May 22, 2014
Sharon Marie Cline – This Is Where I Wanna Be – (self-produced)
From her base in Los Angeles, Sharon Marie Cline has been attracting local attention for a little while now, and with this, her third album, she must surely gain widespread approval. Sharon Marie vocal sound is soft, rich, and has a delightful huskiness. Her choice of material is broad, finding music that suits her style from American Song Book classics, Broadway shows, and elegant examples of the music of Brazil. From that lastsource comes Love Dance and Corcovado; there are show tunes Happy Talk and Why Can’t You Behave?; and classic pop songs You Don’t Know What Love Is and How Long Has This Been Going On?. There are also two originals by the session’s keyboard player Rich Eames and Sharon Marie, a latterday pop song, Laughter In The Rain, and a swing era staple, If Dreams Come True. Throughout, the singer’s relaxed rhythmic poise is in evidence, a quality ably underlined by her accompanists who also include bassist Luther Hughes and drummer Jon Stuart. A very attractive set by an exceptionally good singer.
Viper Mad Trio – Buddy Bolden’s Blues – (Sound of New Orleans SONO 1076)
When this CD turned up I had no idea what to expect, and I imagine that I am not alone in that view. It was therefore a great delight to find three young musicians of today taking on material that has been in the jazz repertoire for . . . well, forever. The album title, which is also the opening number, is named for a man who was around a century ago and other tracks hark back to early times: Just Squeeze Me, Bucket’s Got A Hole in It, I’m Confessin’ That I Love You, Viper Mad. But these three musicians are not mired in the past, offering I’m Beboppin’ Too as a nod to later days in jazz. But whatever the period of the music’s origins, they have their own distinctive take and tell their stories with verve, spontaneity and wit. So, who are the Viper Mad musicians? Well, they are guitarist/singer Molly Reeves, trumpeter/singer Ryan Robertson and bassist/background singer Kellen Garcia, all of whom appear to have first ventured onto the musical scene in California. Teaming up in New Orleans, they engagingly display their love for the traditional side of jazz but so fresh is their approach that at no time is there a even hint that this is music of a bygone age. Swinging, toe-tapping music that entertains from first note to last.
Kate Ross – People Make The World Go Round (Kim Court Productions KCPKR-01)
It will be no surprise if this very talented lady is little known far outside Columbus, Ohio, but hopefully this, her first album, will change all that. Kate Ross is not new to jazz singing; she has been exercising her undoubted skills for quite some time now, and that experience shows in the maturity of her approach to her material. She has also had to struggle through problems linked to ongoing health problems, and that, too, doubtless adds to that sense of maturity. Kate’s vocal sound is strong, her vibrato contained, and her rhythmic sense in keeping with the mood. Most of the songs Kate’s sings here are originals by either Art Bell or Dave Irwin. The latter is bassist on all tracks and others in Kate’s accompanying band include keyboard player Caleb Hutslar, guitarist Craig McMullen, and drummer Roger Myers. Kate’s interpretations of the songs is good although as always with previously unheard songs it is hard for the listener to judge against an established touchstone. Next time out, it will be good to hear Kate singing some jazz standards and maybe also a handful of classic pop songs. That said, Kate has set her own yardstick against which many other better known singers will have to measure their own work.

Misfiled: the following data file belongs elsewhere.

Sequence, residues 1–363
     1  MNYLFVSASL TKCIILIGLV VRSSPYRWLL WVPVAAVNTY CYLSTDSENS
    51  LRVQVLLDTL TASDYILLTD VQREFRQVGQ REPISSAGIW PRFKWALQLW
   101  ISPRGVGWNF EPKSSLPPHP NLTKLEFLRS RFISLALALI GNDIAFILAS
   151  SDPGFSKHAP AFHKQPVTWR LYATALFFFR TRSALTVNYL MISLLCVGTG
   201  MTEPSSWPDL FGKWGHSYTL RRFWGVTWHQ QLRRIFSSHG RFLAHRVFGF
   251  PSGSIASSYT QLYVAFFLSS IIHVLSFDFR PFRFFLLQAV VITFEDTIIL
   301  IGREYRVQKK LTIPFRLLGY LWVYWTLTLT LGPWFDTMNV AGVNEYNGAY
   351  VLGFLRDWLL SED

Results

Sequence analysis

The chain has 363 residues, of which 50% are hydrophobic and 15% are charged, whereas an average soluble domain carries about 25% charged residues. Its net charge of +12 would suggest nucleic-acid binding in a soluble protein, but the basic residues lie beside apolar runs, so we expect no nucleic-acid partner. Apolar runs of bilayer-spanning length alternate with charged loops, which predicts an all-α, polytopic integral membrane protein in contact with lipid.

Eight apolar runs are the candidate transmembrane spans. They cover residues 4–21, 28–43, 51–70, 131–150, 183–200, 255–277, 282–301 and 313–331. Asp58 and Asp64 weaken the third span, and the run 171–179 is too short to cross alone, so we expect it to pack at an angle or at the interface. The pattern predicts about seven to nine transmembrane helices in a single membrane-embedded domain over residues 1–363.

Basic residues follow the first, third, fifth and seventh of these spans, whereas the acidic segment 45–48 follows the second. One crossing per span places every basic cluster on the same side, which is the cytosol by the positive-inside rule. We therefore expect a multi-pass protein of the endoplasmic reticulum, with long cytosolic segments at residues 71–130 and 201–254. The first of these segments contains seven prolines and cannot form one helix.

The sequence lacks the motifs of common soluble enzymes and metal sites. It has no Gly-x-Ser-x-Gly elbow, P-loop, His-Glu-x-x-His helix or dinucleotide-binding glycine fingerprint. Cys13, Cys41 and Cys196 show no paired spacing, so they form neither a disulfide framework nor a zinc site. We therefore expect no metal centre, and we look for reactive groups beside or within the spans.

Schärli – Moreira – Feigenwinter – Castelo (TCB 32392)
This trio of highly talented instrumentalists bring to contemporary jazz stylistic elements that speak of other genres and musical cultures. Swiss-born Peter Schärli is a very well-established trumpeter, known worldwide for more than three decades for his melodic and always tasteful playing. Joining Peter in his new trio is pianist Hans Feigenwinter, also from Switzerland, who has been a musical collaborator for many years, recently in Peter’s sextet. The third member of the trio is Juarez Moreira, the internationally acclaimed guitarist and composer, who hails from Brazil. All eight tracks here are originals and all are melodically attractive; five are by Juarez, two by Hans and one by Peter and each offers ample space for the musicians to develop interesting and always engaging improvisations. Additionally, when not soloing the pianist and the guitarist provide sympathetic accompaniment to the others. Altogether, this is a very pleasing example of the best of contemporary European jazz attractively linked to musical thought from another continent. Do try to hear these artists and if you can’t do that live then this CD is your way to do it.
For more information on these artists go to their sites (linked above) or to Jazz Promo Services.